Corn market prices are almost double what they were a year ago, and Mississippi farmers are responding in kind.

Arkansas and Mississippi will lead the nation in percentage corn production increases with 296 percent and 279 percent, respectively. Of 48 states with a corn crop in 2006, only Massachusetts is expected to decrease its acreage this year.

According to USDA's late March prospective plantings survey, Mississippi producers are predicted to plant 950,000 acres of corn, compared to 340,000 acres last year. Mississippi's corn acreage will exceed that of cotton for the first time since 1958.

John Anderson, agricultural economist with Mississippi State University's Extension Service, attributes the shift to the strong corn prices.

“The September contract for corn is a little less than $4 per bushel. A month ago when planting was just getting under way, those prices were up to $4.42,” Anderson said. “Ethanol is leading the demand for corn, and a lot of the price influence is speculation about how much ethanol we will use in the coming years.”

Erick Larson, Extension small grains specialist, said ethanol is consuming 1.5 billion bushels of a 10.5 billion-bushel crop, just short of 15 percent of the national crop. Expectations are for demand to increase in the coming years, especially if crude oil prices remain at current high levels.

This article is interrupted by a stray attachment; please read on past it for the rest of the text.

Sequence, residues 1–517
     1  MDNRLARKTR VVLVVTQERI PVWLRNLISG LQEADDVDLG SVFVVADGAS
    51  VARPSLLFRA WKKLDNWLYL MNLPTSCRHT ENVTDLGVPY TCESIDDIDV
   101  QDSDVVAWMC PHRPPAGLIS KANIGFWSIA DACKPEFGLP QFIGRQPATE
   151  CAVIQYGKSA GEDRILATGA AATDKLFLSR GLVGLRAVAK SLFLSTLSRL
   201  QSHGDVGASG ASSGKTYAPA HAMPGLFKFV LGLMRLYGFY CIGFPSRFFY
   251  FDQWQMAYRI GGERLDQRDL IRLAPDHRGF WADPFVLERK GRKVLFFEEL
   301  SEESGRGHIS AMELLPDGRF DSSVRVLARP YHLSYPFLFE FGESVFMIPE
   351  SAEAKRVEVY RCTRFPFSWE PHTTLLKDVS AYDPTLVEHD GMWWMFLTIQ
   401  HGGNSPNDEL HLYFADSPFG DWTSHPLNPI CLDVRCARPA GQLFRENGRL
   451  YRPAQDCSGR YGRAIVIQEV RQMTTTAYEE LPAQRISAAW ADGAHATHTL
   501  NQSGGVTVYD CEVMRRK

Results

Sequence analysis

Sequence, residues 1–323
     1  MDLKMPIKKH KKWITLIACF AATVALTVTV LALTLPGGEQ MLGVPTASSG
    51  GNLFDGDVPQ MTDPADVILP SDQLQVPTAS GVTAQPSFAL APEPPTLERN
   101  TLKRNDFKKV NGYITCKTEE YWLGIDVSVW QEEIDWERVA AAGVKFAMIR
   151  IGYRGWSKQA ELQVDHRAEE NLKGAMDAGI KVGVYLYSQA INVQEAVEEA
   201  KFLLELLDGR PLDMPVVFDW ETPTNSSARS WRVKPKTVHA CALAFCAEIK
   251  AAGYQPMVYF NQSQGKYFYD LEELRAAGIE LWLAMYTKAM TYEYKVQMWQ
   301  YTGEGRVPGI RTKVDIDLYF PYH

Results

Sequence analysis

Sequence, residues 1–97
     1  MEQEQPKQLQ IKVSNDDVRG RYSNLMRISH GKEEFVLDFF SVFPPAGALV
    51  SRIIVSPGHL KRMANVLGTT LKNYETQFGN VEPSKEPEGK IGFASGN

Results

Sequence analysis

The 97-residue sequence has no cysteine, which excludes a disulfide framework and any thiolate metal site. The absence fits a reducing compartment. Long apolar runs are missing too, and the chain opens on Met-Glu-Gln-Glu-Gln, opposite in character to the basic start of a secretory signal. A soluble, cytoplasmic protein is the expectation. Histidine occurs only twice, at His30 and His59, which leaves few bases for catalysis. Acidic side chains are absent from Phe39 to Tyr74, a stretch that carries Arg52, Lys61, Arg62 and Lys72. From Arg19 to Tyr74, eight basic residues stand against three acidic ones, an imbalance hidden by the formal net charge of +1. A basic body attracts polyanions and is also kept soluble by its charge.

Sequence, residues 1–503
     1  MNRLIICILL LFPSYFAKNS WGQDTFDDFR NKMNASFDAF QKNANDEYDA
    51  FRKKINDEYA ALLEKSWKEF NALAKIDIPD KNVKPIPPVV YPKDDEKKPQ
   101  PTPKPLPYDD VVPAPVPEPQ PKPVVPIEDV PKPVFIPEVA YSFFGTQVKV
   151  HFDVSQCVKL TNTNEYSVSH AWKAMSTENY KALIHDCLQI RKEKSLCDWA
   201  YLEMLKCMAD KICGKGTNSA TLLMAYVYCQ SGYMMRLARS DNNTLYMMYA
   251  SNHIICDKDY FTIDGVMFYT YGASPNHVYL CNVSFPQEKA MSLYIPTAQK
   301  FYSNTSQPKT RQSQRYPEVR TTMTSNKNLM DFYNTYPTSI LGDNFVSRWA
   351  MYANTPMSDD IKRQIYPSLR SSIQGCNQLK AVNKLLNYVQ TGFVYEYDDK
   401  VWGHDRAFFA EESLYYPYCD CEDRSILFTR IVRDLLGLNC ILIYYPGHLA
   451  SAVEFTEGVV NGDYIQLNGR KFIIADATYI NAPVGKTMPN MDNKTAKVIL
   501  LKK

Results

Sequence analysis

Larson said Mississippi growers had more than 75 percent of the crop planted by the last week of March, which means they were about three weeks ahead of schedule.

“That's a good thing. Early planting generally produces higher yield potential,” Larson said. “The lack of rain in early March across much of the state helped growers get most fields planted, but after about March 20, the dry conditions stopped field work in some places because seeds needed more moisture to germinate. We also have had extremely warm conditions, so fields are rapidly running out of moisture at a time when they rarely experience a drought.”

Larson said some growers already are irrigating corn just to establish the plants. That will add to production expenses and reduce profitability. “Dry weather has caused some problems with nitrogen application. Corn requires more than twice the nitrogen as cotton,” he said.

Dan Poston, associate professor at MSU's Delta Research and Extension Center in Stoneville, Miss., said if growers cannot finishing planting their corn soon or if they have concerns about nitrogen's cost or availability, they may opt for soybeans. Mississippi growers planted 1.67 million acres of soybeans last year and are expected to plant 1.55 million acres in 2007.

“Farmers can plant soybeans without much capital, and prices are good,” Poston said. “With soybeans, farmers also don't have the high fertilizer costs or the worry about nitrogen issues.”

Soybean prices and acreage also are getting a boost by riding on corn's good fortune. Anderson said November soybean futures are strong at around $8 per bushel.